If you consume foods that are processed, fried, high in fat, or high in sugar, you increase your risk of getting Crohn's disease.
In contrast, if you keep a healthy diet that is high in fiber, you are less likely to develop inflammatory bowel disease.
6. Allergy to Milk
Did you suffer from an allergy to cow's milk protein when you were an infant? If the answer is yes, your risk of getting ulcerative colitis will be higher than those who had no such allergy.
Obese populations have an increased risk of developing IBD, and in those who already have the disease, obesity can worsen the progression and symptoms.
8. Have You Had Gastroenteritis?
Gastroenteritis is the infection and subsequent inflammation of the intestinal lining. If you have been diagnosed with gastroenteritis in the past—particularly if it was caused by Salmonella or Campylobacter bacteria—you have a higher risk of getting IBD, even 15 years after the episode of gastroenteritis.
9. Have You Had an Appendectomy?
For unknown reasons, the surgical removal of the appendix (appendectomy), may protect you from having ulcerative colitis. This is especially significant if your surgery was done before the age of 20 and if the appendix was obviously inflamed (the appendix can be healthy when the diagnosis is incorrect).
10. Do You Regularly Use Painkillers (Analgesics)?
If you take a non-steroidal anti-inflammatory drug (NSAID) class of painkiller for a pre-existing medical condition, your risk of IBD may be slightly increased. However, it has to be chronic use—for at least 15 days a month—for the risk to be significant. The use of acetaminophen (Paracetamol or Tylenol) doesn't appear to affect the risk of IBD.
11. Do You Use Oral Contraceptives or Hormone Replacements?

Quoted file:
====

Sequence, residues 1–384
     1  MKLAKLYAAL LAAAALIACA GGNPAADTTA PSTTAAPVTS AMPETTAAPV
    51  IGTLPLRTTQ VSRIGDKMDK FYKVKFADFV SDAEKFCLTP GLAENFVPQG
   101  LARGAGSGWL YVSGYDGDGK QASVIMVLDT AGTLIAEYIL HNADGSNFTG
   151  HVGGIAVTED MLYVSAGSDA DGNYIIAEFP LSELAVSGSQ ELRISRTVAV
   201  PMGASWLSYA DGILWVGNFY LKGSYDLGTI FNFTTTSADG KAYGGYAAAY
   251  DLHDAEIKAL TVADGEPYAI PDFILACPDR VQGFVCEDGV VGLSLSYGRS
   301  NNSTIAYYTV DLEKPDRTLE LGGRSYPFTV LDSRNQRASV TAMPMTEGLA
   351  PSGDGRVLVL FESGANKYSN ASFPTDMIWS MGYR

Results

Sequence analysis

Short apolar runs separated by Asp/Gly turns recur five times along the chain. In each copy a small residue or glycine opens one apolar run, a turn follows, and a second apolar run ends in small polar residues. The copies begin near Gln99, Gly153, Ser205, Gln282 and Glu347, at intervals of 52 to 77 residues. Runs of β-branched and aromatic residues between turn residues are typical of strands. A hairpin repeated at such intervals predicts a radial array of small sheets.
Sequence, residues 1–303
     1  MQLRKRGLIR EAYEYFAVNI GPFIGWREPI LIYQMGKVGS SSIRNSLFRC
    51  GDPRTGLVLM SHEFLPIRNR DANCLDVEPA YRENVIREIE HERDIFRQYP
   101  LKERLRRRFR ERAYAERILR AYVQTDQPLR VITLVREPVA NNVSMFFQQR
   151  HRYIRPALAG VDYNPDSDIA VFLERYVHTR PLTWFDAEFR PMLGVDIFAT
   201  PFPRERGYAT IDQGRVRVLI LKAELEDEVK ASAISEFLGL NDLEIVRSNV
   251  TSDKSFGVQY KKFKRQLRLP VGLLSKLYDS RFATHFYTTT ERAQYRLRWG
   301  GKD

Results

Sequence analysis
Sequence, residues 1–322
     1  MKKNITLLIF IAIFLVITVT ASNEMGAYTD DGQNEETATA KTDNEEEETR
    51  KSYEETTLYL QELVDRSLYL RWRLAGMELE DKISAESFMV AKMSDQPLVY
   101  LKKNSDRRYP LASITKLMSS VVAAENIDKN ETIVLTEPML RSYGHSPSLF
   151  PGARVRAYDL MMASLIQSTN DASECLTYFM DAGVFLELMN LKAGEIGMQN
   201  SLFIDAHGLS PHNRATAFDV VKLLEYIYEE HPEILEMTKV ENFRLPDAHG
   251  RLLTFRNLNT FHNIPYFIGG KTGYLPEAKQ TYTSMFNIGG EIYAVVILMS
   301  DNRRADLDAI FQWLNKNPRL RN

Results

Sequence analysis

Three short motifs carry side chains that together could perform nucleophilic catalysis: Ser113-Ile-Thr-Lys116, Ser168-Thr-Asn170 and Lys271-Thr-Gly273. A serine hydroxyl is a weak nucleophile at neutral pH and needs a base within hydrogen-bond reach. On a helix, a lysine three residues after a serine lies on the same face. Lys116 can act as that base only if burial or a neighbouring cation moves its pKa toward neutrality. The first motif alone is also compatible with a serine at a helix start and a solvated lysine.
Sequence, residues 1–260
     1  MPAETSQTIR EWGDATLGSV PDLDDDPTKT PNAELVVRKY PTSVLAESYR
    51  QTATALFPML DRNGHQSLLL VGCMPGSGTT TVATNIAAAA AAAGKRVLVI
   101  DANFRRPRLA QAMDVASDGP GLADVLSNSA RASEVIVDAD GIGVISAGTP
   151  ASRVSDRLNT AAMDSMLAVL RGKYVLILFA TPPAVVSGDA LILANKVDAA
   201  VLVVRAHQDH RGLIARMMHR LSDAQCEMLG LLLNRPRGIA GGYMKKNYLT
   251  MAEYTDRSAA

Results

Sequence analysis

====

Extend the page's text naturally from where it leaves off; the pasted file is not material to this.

Both oral contraceptives and hormone replacement therapies may increase the risk of inflammatory bowel disease.
Having an elevated risk of developing a disease doesn't mean that you will inevitably develop it. You should, however, intervene to modify the risk factors that can be modified in order to lower the risk as much as you can.
As the name suggests, inflammatory bowel disease develops because of increased inflammation in the colon and intestines. The easiest, and often most effective, method of prevention is to change your diet and lifestyle to reduce inflammation.
- Avoid smoking.
- Lose excess body weight.
- Eat a healthy diet: high fiber and low fat. Avoid processed and high-sugar food.
- Avoid unnecessary use of analgesics.
- For birth control, use safer methods instead of oral pills.
- For postmenopausal symptoms, talk to your doctor about using less risky medications than hormonal treatment.
This content is accurate and true to the best of the author’s knowledge and does not substitute for diagnosis, prognosis, treatment, prescription, and/or dietary advice from a licensed health professional. Drugs, supplements, and natural remedies may have dangerous side effects. If pregnant or nursing, consult with a qualified provider on an individual basis. Seek immediate help if you are experiencing a medical emergency.